Tuesday, November 28, 2006

America, Not Keith Ellison, decides what book a congressman takes his oath on

Uh, we do? Great, where do I vote on that? Hopefully we can get rid of this practice altogether.

Seriously, though, this article is quite possibly the dumbest thing I've ever read. The only somewhat reasonable argument (and it's quite a stretch anyway) to have anyone put their hand on any holy book while taking any oath is for them to feel somehow more bound by that oath since they have some high regard for that book. If that isn't the case then, what's the point of the thing? If the guy taking the oath has no belief in the book he's taking the oath on, then why use it at all? Prager's point seems to be (and I'm guessing since it doesn't really make any sense) that the book is important to America, so that somehow taking his oath with it binds him to us somehow. First of all, I don't remember when we all decided that The Bible was "The official holy book of the US Government." And second, I thought the oath itself was what made him bound to do his duty to us, along with the trust that was placed in him when he was elected.

Another point of Prager's argument is that no one else has ever done this before, that other non Christians have taken their oaths on the Bible without any problem. I haven't actually checked if this is true (and I doubt Prager has either), but I'll assume that it is for the sake of argument. Of course no one else has done this, when their constituency is made up of people as stupid as Dennis Prager who will make a fuss over it when it means absolutely nothing.

Prager also points out that Ellison can get away with this because he is Muslim, and apparently, America's top priority is to avoid offending Mulsims (if that's true, we might want to work on it a little harder). I'm not sure what America he lives in, but where I live, it's perfectly acceptable to hate Muslims, because you know, they (yes, all of them) like to blow stuff up, especially American infidels. Hell, Muslim is the new Black. You can hate them all day long, and get away with it by using the excuse that they're terrorists. And because a lot of people in America are as stupid as Dennis Prager, it's perfectly acceptable.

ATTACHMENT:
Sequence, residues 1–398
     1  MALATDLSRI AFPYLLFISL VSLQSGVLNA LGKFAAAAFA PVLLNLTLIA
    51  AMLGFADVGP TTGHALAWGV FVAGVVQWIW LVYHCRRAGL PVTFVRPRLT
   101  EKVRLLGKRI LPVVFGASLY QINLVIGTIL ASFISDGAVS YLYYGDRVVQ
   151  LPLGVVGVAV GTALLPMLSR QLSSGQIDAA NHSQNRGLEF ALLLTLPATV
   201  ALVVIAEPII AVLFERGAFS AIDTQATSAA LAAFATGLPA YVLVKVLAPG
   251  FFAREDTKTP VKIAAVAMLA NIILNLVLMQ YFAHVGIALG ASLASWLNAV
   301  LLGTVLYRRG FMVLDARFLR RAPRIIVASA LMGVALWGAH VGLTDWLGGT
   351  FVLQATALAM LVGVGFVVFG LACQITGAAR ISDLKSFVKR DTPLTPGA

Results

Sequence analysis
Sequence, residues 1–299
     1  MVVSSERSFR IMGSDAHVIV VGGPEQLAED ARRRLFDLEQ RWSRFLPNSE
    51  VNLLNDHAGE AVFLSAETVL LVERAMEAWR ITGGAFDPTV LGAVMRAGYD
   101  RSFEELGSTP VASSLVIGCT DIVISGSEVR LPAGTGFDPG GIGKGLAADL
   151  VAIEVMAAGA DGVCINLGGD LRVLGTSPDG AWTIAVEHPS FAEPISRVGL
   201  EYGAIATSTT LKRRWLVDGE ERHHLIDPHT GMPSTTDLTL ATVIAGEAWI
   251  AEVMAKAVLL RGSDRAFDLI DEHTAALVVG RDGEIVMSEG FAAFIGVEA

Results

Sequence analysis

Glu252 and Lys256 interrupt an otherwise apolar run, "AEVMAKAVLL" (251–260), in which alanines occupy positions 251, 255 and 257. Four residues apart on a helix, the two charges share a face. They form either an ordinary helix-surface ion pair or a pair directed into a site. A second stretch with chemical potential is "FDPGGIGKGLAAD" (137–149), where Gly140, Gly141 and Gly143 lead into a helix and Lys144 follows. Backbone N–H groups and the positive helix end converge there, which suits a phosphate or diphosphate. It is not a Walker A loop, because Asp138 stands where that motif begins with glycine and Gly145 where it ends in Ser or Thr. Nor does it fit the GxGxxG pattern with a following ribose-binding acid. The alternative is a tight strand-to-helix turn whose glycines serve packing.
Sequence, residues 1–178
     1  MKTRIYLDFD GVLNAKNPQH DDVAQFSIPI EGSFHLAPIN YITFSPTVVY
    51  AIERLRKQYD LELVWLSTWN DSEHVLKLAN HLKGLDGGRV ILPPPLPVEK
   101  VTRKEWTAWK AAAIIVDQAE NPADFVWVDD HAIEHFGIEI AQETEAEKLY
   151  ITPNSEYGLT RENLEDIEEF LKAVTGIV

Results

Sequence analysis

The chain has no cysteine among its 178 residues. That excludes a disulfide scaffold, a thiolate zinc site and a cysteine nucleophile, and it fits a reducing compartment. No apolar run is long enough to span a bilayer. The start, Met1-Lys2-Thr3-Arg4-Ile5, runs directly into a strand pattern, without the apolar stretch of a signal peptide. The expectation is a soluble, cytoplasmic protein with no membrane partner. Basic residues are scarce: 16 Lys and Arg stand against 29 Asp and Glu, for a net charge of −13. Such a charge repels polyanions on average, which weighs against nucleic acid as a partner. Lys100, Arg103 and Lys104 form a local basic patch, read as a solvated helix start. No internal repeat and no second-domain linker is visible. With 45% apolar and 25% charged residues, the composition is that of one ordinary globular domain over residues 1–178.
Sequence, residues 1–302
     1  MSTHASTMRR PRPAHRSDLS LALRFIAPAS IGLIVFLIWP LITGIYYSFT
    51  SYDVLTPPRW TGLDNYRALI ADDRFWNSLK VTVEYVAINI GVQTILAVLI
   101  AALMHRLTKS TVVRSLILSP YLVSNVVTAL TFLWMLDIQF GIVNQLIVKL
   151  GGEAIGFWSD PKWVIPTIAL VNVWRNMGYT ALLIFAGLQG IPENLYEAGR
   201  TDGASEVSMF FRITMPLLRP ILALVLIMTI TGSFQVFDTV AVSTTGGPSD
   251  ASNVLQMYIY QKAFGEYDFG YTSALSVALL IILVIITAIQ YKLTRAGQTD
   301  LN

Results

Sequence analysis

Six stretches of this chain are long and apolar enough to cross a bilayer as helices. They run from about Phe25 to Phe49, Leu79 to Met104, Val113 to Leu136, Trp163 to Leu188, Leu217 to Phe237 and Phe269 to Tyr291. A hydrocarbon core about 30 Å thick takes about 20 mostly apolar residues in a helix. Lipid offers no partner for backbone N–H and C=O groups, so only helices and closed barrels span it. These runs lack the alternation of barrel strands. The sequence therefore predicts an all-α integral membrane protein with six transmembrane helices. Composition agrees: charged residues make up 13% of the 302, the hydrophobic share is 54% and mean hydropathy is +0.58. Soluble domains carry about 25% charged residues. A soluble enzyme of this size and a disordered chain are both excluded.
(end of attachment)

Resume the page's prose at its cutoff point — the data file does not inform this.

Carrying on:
Ellison's doing so will embolden Islamic extremists and make new ones, as Islamists, rightly or wrongly, see the first sign of the realization of their greatest goal -- the Islamicization of America.

So America is going to be Islamicized? I thought that we were supposed to all be Mexicans in a few years because of all the illegal immigration. Well, I guess xenophobia is flexible to multiple threats.

The oath itself is a meaningless ritual, I can think of plenty of congressmen that took the oath (on The Bible, I assume) and didn't fulfill it. Hell, this past congress might have a record number of these guys. And the book the oath is taken with is a meaningless part of this meaningless ritual. If Ellison had simply replaced the Bible he was using with the Koran and not told anyone, I bet no one would have even noticed. Hell, he probably could have replaced it with The Da Vinci Code, and no one would know. Maybe if people like Prager paid a little more attention to the content of the oath, and held the person accountable to it, rather than freaking out about the props in the ceremony, we might not have to waste our time with such petty bickering.

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rew said...

yeah, pragers a liar - lots of people have taken oaths on things other than bibles


Me4Prez said...

I think the Christians that have taken the oath on the Bible and acted anything but Christian are the problem. For all I care, someone could use a Hustler as long as they acted in the best interests of the country

The Disgruntled Chemist said...

The best part is that Congressmen don't take an oath on any holy book. All they have to do is raise their right hand and repeat the oath.

Prager sucks balls.

Storm said...

The Chemist is partially correct. The Constitution does not specifically say anything about any book. The Constitution also never said anything about prayers in the Congressional chambers. Yet for centuries both practices take place. Yes there are folks you placed their hands on Bibles and were unfaithful just the same. The same thing takes place in our courts everyday as people take the stand.

JRH, Chemist I wish I could make a suitable arguement to keep this tradition. However, I can not. The addition of a Koran does not make the tradition any more or less justifiable then using only the Bible.

I alos diagree with Prager (the author) as recently Arlington had to allow a Wiccan funeral so the other books referenced in this article could and would have to be honored.

Which brings us back to where despite are disparate political leanings we agree but for different reasons.

The tradition should cease but also so should it cease in our court houses and any where else where we require persons to acknowledge the Almighty in such a manner.